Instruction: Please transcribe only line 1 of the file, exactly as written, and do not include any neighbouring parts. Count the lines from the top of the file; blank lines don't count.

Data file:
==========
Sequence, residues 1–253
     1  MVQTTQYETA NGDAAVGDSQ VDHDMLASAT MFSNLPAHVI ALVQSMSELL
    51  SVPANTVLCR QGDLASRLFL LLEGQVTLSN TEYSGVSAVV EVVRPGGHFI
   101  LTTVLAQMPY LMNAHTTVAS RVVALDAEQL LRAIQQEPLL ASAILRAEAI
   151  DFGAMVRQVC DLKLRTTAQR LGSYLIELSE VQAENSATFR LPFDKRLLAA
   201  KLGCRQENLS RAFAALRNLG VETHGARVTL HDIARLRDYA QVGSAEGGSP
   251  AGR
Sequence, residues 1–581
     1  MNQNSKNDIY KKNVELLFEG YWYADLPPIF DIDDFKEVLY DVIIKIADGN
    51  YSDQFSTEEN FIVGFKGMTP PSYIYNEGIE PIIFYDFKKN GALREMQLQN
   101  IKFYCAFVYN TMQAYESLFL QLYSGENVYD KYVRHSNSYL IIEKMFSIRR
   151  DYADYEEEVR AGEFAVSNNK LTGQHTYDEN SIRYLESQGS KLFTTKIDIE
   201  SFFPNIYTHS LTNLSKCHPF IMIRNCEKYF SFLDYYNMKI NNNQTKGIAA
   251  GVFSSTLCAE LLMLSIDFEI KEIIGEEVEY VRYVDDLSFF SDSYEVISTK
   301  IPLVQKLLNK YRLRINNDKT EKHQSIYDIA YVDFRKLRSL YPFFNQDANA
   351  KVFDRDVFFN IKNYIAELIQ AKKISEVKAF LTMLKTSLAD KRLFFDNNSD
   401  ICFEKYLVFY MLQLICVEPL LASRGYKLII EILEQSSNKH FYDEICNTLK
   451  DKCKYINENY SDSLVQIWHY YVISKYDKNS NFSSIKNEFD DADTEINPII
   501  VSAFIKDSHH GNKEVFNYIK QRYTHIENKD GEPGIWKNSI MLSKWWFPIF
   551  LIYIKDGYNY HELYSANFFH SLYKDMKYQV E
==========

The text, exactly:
Sequence, residues 1–253